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Maqsood Ahmad, Chief Executive of the British Muslim Heritage Centre explains how partnership working with NHS England and NHS Improvement and Diabetes UK has helped to train Imams and influencers in the Greater Manchester Muslim community to spread the message about type 2 diabetes prevention:
I joined the Centre in April 2019 having previously worked in the Greater Manchester Health and Social Care Partnership. As a committed Muslim with a background in health I wanted to put my efforts into work to reduce health inequalities experienced by my community.
South Asians are more likely to have type 2 diabetes compared to other groups. But many South Asians themselves are unaware of this fact, unaware of the signs and symptoms of diabetes or how to prevent developing diabetes in the first place.
We started by meeting with our Muslim community, just before lockdown, through our Tackling Diabetes Seminar, held with 80 people from South Asian, Pakistani and Bangladeshi communities. What we learnt was that there is an appetite from these communities to learn more about diabetes but in a way that’s meaningful to us and delivered in a way that is accessible.
Conversations with Krista Williams from the Greater Manchester Strategic Clinical Network helped to galvanise my thoughts and ideas about how to reach out to the Muslim community. It stemmed from my experience that my mother would listen to the Imam rather than to me!!
And so together with Yvonne Brown from Diabetes UK, funded by the Diabetes Programme at NHSEI, the Greater Manchester Muslim Diabetes Project was born. The project reached out to Muslims through community influencers such as prominent female managers, Imams and cultural community centre managers using the teachings of the prophets to facilitate positive lifestyle changes and improve health and wellbeing.
There are many positives that came out of our project:
- We mapped all Greater Manchester’s Muslim Community Centres, Muslim Groups and Mosques and produced a GM Muslim Organisations Directory.
- We established a Greater Manchester Imam’s Network to help us to deliver the key diabetes prevention messages. Developed with Imams and women influencers a Training Pack, English, Bengali and Urdu, based on the teachings of the Quran and practical actions of the Prophet Muhammed (PBUH). A khutbah narrative is included for Imams to use as part of their sermons after Friday prayers.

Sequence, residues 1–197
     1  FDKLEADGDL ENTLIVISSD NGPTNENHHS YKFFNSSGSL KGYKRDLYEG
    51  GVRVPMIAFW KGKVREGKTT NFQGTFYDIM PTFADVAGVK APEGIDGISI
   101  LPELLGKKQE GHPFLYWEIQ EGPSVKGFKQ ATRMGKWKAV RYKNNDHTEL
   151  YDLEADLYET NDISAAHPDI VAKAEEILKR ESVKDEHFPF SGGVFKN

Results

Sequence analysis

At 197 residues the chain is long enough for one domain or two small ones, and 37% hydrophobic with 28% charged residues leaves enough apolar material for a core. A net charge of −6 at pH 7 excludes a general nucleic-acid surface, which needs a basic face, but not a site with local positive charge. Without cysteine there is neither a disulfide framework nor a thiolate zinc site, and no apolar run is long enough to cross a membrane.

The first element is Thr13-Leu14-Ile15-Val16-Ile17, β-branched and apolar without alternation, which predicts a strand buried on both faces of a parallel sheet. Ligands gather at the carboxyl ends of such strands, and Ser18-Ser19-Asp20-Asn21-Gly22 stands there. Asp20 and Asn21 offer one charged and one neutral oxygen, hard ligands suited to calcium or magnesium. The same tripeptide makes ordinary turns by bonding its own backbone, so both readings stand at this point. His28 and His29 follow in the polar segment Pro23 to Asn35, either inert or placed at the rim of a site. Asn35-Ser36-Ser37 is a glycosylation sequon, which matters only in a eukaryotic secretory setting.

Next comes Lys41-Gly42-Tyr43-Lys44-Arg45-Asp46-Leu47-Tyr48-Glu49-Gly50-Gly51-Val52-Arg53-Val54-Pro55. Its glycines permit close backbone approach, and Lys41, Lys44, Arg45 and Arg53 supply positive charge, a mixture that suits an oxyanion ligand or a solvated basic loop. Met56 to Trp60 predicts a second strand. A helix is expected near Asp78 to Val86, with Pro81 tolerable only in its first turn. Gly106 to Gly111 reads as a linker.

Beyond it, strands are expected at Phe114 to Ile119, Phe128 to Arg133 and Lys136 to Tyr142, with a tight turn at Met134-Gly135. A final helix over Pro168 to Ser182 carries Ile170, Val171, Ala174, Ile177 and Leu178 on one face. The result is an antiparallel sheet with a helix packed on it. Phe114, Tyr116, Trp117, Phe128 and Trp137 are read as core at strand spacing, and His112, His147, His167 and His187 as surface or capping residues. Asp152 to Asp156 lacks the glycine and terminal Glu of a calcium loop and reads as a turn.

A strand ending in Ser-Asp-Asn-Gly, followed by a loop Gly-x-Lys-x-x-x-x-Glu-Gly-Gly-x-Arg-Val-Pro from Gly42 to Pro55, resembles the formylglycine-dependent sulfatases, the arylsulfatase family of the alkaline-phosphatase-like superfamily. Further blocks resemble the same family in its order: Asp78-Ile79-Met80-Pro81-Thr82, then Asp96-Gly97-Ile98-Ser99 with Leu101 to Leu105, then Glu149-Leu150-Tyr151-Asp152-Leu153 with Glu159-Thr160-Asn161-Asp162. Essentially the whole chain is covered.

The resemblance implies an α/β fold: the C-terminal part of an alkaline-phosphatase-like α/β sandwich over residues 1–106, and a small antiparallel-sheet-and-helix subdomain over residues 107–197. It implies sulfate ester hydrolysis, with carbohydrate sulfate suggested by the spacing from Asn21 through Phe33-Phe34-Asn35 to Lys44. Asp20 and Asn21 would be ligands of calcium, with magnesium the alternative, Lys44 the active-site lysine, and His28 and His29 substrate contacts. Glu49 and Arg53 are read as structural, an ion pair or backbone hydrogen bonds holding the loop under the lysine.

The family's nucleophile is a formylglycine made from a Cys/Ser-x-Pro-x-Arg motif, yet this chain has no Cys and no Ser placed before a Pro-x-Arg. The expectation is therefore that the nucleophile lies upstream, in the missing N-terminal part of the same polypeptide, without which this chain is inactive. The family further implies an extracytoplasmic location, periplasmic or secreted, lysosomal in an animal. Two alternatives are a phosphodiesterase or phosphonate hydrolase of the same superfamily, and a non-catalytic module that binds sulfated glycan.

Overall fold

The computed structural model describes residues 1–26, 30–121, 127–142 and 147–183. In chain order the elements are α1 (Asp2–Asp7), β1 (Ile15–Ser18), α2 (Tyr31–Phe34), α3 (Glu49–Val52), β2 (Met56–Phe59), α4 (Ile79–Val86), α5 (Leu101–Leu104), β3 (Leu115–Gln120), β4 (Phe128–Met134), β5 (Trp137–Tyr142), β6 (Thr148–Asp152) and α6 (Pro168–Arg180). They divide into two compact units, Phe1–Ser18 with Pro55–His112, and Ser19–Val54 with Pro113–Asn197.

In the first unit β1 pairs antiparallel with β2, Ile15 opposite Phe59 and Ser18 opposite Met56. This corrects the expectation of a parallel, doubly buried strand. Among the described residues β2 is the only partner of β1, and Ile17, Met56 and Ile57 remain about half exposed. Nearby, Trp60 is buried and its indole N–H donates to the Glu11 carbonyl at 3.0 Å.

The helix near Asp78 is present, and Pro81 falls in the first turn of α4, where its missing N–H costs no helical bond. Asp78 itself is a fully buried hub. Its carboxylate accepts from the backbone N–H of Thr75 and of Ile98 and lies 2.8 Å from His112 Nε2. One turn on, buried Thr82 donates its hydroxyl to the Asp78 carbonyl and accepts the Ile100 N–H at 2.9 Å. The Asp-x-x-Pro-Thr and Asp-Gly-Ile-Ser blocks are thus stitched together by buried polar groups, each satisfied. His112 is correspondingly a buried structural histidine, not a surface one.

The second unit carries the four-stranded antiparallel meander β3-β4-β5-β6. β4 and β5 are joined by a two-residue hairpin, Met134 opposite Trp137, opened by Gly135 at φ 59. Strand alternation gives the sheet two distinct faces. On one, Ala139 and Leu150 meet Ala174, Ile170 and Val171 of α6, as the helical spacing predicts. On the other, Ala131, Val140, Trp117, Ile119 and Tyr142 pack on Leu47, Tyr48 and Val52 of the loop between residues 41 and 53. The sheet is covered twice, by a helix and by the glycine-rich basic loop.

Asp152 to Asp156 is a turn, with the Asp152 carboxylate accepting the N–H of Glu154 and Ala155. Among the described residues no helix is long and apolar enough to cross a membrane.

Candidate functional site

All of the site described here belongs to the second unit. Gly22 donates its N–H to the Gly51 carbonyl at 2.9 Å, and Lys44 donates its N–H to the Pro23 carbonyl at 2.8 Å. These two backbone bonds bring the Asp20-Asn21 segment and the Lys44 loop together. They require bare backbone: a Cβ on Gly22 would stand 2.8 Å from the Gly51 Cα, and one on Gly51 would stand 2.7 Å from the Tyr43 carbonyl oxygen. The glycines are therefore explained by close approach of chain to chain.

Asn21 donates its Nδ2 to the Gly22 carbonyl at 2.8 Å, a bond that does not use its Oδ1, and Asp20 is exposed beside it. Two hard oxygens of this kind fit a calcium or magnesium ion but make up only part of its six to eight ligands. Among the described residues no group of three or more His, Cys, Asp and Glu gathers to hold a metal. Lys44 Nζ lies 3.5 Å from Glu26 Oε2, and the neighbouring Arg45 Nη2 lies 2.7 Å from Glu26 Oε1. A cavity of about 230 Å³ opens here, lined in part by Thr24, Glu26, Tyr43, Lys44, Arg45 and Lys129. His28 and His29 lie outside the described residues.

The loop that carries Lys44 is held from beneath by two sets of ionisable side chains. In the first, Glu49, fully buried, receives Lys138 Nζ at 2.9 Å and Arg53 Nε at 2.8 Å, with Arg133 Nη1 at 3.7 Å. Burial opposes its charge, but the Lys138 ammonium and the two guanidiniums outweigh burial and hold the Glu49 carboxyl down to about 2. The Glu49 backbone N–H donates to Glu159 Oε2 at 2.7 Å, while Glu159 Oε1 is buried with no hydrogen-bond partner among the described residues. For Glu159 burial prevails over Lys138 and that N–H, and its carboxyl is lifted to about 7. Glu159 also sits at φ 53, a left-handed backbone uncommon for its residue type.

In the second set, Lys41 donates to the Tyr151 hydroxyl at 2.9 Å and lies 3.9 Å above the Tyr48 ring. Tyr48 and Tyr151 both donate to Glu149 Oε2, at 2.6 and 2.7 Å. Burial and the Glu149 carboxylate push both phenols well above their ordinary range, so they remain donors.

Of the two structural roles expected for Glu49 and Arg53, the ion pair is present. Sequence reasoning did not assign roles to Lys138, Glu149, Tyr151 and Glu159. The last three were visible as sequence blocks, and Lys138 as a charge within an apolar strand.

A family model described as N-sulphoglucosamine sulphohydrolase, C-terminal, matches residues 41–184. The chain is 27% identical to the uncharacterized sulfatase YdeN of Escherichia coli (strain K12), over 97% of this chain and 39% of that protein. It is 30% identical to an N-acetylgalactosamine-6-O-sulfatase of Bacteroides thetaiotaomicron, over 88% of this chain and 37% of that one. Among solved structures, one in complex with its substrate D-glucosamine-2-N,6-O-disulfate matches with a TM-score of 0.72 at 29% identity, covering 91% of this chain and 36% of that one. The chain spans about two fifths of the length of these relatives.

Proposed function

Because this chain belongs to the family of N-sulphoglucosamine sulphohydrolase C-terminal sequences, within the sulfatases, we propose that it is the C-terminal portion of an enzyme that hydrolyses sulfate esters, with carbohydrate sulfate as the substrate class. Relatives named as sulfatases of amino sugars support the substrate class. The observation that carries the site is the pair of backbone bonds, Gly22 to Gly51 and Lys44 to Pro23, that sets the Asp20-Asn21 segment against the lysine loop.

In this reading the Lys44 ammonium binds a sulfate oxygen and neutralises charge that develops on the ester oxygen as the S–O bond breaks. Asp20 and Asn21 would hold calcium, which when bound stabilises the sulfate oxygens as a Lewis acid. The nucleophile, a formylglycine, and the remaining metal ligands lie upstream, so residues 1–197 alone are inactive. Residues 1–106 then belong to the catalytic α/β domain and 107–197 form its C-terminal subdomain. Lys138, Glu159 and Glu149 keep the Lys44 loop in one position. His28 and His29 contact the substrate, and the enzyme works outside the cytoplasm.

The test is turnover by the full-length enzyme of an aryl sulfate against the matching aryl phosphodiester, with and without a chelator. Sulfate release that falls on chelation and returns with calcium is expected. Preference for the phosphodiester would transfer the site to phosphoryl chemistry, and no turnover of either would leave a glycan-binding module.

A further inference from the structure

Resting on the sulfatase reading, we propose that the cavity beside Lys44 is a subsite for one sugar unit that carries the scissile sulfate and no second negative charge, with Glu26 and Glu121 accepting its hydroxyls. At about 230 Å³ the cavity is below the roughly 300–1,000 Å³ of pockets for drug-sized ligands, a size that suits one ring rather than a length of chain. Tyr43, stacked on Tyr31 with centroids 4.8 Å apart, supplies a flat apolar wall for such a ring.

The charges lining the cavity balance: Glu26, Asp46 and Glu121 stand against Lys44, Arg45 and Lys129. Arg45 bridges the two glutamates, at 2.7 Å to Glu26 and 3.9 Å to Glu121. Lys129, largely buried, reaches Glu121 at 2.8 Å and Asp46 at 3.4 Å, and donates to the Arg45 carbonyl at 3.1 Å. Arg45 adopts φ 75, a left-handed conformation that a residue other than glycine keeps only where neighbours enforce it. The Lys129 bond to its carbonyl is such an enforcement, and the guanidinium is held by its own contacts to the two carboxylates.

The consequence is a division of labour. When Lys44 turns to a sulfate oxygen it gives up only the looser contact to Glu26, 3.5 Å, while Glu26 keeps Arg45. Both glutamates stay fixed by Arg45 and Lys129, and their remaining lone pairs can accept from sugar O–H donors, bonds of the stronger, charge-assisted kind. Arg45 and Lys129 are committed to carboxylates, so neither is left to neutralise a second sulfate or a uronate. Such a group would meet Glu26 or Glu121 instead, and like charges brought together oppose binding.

- Trained 50 influencers to deliver diabetes training to community groups and individuals at a local level for women and for mixed groups. A total of 49 people 25 women and 24 men were trained as trainers. Trainers are supported to cascade the training into Muslim communities across Greater Manchester with some peer-to-peer support. Training being carried out in Bengali and Urdu targeting older people who struggle with English.
- Promoted key messages to Muslim community via heritage media. Heritage Radio discussed and debated the project as well as having NHS professionals and participants to attend to speak on their experience to increase listeners awareness of diabetes.
As the project ran throughout the pandemic, we utilised digital platforms. The new way of working was a challenge especially for elder Muslim communities not used to using Zoom, but training was provided in order for them to take part. The Pandemic was an opportunity to engage with the Muslim community differently and enhance their skills and experience for using digital means.
We were very pleased to recently host Dr Bola Owolabi, Director – Health Inequalities at NHSEI who met some of the Imams and women in the community that have been trained as part of the project. We are very proud that Bola’s visit was turned into a short film in order to showcase our project as an exemplar in working with communities to help reduce health inequalities.
The next step is to obtain resources to sustain and continue the project and delivery mechanism to its next phase to further tackle health inequalities focusing on prevention and wellbeing and other long-term conditions (Stroke, CVD, Mental Health) that have an impact on diabetes.